A strongly-worded joint statement by the Youth Association for Democracy (YADEMA) and Gender Justice in Malawi has reprimanded the Malawi Police Service for failing to curtail thugs in the Capital City in Lilongwe who on Tuesday scandalized and stripped naked women dressed in trousers to the point of almost raping them.
In the statement signed by Wapona Kita and Habiba Osman, Chairperson and Director of the two organizations, respectively, it is noted that women who were stuck in town, “nothing was done in respect of the Terrorist Group members who were within the purview of the Police”.
The two organizations explain that the act of undressing a woman without her consent, more so in public is a serious offence under Section 137 of the Penal Code and that if one is found guilty, they may serve a jail sentence of up to 14 years hard labour.
“We are shocked that police officers failed to arrest the members of the said group which is their constitutional and statutory duty.
“To that end, we also condemn in the strongest terms possible the Malawi Police Service for their failure to act where we most expected them to. As a matter of grave concern, the recent service we are getting from the Malawi Police Service leaves a lot to be desired,” reads the statement in part.
Kita and Osman say that memories are still fresh of how the police failed to contain recent riots involving Lilongwe vendors over vending places and that the military had to be called to contain the volatile situation.
They also cited another incident that happened in Blantyre where Blantyre City South legislator Moses Kunkuyu was roughed up and no arrests have so far been made. Another one is where the Chief Executive of the Lilongwe City Council, Kelvin M’mangisa was also roughed up at the Kamuzu International Airport in full view of the Police and “later the criminal trespass that took place at his office with no arrests so far having been made”.
The two organizations also cite ugly incidents at the Shoprite Puma Filling Station where the police failed to preserve order as motorists were scrambling for fuel on Sunday “and had to call for the military to do so”.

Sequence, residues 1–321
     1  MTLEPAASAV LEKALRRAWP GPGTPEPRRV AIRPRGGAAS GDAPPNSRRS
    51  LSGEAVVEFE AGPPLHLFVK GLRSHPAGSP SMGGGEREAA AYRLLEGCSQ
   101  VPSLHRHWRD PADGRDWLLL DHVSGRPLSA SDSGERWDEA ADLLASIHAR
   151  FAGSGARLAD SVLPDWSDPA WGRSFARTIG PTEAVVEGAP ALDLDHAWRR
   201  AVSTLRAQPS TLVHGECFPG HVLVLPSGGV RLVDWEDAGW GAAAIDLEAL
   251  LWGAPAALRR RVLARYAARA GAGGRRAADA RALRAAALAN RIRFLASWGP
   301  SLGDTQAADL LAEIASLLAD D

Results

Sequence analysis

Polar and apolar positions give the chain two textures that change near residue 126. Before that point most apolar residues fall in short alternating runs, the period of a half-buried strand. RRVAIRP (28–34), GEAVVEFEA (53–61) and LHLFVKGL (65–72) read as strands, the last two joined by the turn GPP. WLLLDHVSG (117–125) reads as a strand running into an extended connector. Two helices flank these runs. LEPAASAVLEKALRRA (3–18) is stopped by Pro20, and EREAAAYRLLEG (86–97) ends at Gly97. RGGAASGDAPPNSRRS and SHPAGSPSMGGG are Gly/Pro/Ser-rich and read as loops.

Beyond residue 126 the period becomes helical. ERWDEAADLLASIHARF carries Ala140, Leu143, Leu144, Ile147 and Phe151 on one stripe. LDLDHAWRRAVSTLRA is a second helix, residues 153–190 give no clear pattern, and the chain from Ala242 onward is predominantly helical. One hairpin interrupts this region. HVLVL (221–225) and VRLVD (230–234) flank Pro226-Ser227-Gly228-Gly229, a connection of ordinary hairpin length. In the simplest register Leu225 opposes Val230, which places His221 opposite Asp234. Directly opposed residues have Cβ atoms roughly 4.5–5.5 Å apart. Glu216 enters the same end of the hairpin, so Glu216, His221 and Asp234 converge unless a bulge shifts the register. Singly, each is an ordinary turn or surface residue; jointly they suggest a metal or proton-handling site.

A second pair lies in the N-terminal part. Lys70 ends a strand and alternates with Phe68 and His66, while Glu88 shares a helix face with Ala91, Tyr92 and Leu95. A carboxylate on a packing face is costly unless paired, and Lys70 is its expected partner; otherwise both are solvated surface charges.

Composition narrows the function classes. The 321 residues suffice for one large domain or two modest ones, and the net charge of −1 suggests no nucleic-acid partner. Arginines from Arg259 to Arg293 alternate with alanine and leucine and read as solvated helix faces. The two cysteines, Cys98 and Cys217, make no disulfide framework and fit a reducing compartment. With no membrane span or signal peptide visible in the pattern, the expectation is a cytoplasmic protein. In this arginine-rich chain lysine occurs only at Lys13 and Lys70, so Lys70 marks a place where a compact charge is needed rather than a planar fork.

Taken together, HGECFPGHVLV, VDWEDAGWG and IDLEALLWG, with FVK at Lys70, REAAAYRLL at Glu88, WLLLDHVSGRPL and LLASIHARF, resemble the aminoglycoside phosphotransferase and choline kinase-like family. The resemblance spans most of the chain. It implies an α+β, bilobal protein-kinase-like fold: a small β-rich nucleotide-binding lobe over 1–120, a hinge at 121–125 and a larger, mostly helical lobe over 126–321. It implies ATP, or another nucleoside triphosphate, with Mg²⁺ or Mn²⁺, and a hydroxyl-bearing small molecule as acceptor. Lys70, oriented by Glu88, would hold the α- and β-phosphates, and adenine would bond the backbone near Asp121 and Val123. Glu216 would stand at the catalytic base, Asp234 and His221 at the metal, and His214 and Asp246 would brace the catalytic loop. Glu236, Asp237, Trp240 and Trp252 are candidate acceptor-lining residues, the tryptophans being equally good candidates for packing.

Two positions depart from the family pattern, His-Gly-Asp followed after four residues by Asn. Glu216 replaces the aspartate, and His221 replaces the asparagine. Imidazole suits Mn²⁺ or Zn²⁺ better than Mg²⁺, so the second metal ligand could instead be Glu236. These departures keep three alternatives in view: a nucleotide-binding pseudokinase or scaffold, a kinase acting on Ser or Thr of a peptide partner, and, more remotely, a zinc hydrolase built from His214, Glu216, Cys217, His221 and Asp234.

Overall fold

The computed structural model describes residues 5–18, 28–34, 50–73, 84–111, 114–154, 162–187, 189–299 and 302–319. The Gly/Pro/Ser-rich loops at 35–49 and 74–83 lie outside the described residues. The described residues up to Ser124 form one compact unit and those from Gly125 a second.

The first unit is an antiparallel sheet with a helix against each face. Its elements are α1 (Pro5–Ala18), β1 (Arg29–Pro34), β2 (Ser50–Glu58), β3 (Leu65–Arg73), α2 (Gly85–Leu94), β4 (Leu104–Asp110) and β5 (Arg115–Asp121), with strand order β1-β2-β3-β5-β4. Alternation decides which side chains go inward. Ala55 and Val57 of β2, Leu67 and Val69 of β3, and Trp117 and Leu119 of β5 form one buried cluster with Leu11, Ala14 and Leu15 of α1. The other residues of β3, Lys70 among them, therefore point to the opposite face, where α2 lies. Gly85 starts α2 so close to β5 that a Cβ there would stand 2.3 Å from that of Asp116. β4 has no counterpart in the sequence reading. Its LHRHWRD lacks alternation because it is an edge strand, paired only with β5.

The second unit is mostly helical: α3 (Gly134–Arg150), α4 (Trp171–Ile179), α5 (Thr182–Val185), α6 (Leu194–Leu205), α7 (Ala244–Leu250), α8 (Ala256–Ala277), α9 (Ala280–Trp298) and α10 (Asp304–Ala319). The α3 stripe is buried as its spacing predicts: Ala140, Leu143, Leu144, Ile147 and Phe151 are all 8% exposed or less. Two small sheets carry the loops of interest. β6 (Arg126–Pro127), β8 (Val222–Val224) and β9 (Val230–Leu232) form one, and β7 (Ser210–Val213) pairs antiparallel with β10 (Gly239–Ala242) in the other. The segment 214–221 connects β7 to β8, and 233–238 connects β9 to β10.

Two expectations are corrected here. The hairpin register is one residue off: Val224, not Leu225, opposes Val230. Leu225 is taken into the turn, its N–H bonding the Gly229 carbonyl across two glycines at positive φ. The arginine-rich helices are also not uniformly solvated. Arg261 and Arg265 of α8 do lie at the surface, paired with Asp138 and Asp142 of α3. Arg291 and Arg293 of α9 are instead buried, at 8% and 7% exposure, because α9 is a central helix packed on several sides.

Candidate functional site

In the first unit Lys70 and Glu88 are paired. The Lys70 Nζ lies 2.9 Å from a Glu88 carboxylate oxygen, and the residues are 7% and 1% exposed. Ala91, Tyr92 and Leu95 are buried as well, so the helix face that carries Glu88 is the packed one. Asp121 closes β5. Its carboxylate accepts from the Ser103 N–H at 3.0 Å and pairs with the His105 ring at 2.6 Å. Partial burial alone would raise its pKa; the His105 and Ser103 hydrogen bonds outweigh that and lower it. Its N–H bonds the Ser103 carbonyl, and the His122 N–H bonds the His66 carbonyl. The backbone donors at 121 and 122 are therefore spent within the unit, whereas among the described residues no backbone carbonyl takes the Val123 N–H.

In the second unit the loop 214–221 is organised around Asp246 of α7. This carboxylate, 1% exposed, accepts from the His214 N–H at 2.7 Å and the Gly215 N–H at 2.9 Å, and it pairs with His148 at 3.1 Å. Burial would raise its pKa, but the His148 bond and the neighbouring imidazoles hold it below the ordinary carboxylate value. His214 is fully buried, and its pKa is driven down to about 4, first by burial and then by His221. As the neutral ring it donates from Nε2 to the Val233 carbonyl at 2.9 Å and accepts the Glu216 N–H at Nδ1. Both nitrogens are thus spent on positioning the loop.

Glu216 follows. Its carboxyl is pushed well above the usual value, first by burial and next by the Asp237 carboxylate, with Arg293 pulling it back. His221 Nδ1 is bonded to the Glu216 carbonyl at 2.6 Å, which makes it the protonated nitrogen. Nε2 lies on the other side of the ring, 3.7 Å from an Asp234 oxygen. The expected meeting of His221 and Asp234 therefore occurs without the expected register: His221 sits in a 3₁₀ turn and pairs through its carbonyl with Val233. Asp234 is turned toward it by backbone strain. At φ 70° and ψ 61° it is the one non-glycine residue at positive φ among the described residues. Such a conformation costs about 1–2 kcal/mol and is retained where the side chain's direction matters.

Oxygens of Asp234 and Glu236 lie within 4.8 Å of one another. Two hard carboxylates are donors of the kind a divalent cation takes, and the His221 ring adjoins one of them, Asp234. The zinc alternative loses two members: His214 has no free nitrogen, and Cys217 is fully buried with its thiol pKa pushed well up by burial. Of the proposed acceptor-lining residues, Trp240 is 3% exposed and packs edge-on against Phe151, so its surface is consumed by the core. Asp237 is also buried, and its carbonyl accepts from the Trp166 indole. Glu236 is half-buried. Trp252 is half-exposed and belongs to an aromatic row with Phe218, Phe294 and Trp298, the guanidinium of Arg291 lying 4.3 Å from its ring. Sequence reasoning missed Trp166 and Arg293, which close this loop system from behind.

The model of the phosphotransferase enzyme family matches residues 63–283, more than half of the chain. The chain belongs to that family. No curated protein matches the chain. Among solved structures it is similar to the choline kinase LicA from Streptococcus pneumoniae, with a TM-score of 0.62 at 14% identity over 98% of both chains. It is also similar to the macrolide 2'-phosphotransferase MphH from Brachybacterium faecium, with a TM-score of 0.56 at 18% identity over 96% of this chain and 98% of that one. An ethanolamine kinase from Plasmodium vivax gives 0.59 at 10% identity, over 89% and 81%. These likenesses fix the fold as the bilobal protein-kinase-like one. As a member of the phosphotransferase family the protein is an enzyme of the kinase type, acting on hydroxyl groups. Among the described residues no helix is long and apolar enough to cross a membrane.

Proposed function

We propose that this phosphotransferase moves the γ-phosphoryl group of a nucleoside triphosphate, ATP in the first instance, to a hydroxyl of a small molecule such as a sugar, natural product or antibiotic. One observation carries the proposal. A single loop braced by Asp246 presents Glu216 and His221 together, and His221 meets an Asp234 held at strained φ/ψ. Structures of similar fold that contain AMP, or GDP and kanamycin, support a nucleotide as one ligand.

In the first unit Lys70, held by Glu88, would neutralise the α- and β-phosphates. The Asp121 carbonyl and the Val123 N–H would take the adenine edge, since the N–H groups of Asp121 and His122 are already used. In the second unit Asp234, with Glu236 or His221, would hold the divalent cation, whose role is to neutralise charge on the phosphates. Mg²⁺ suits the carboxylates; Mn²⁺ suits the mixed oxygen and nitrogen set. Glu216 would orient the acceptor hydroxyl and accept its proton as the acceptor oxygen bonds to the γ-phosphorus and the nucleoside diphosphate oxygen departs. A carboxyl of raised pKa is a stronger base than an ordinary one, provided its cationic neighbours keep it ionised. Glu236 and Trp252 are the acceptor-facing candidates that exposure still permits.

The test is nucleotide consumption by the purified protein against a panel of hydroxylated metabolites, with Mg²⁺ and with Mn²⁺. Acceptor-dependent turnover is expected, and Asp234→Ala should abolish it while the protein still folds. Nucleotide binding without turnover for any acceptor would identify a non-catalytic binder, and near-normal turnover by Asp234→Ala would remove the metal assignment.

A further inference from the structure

“As citizens, we now feel more insecure than ever before when we have our police service, which fails to execute their basic duties. If the police only did what they are lawfully entitled to do, which is (a) to prevent crime, (b) apprehend offenders, (c) protect life, property and fundamental freedoms and rights; women should not have been degraded the way it happened.
“We need to do a serious soul-searching of what is happening with our Malawi Police Service for the laxity of failing to act when we expect it to do so and on the other hand for acting when we least expect it to do so,” reads the statement.
The two organizations “strongly” call upon the Malawi Police Service through the Office of the Inspector General to offer a public apology to the nation within the next 24 hours and “in particular to the women who have been subjected to the inhuman and degrading treatment at the hands of their disservice”.
“As we wait for the said apology, we reserve our right pursue other constitutional and peaceful means of engaging with the Police to hear our plea which is a call that they guarantee our safety, our lives in public and bring to book all those that endanger the enjoyment of our constitutional rights and freedoms,” concludes the statement.